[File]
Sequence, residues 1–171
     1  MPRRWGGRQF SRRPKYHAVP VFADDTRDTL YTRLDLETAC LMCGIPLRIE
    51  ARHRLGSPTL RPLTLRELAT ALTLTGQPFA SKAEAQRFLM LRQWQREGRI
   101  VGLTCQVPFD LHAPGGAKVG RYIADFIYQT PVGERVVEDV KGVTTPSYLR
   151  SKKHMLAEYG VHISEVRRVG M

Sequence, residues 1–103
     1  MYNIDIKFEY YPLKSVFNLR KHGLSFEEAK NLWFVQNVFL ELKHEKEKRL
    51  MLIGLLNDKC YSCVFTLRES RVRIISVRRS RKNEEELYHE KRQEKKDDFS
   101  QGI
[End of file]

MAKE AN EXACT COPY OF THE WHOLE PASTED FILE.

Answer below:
Sequence, residues 1–171
     1  MPRRWGGRQF SRRPKYHAVP VFADDTRDTL YTRLDLETAC LMCGIPLRIE
    51  ARHRLGSPTL RPLTLRELAT ALTLTGQPFA SKAEAQRFLM LRQWQREGRI
   101  VGLTCQVPFD LHAPGGAKVG RYIADFIYQT PVGERVVEDV KGVTTPSYLR
   151  SKKHMLAEYG VHISEVRRVG M

Sequence, residues 1–103
     1  MYNIDIKFEY YPLKSVFNLR KHGLSFEEAK NLWFVQNVFL ELKHEKEKRL
    51  MLIGLLNDKC YSCVFTLRES RVRIISVRRS RKNEEELYHE KRQEKKDDFS
   101  QGI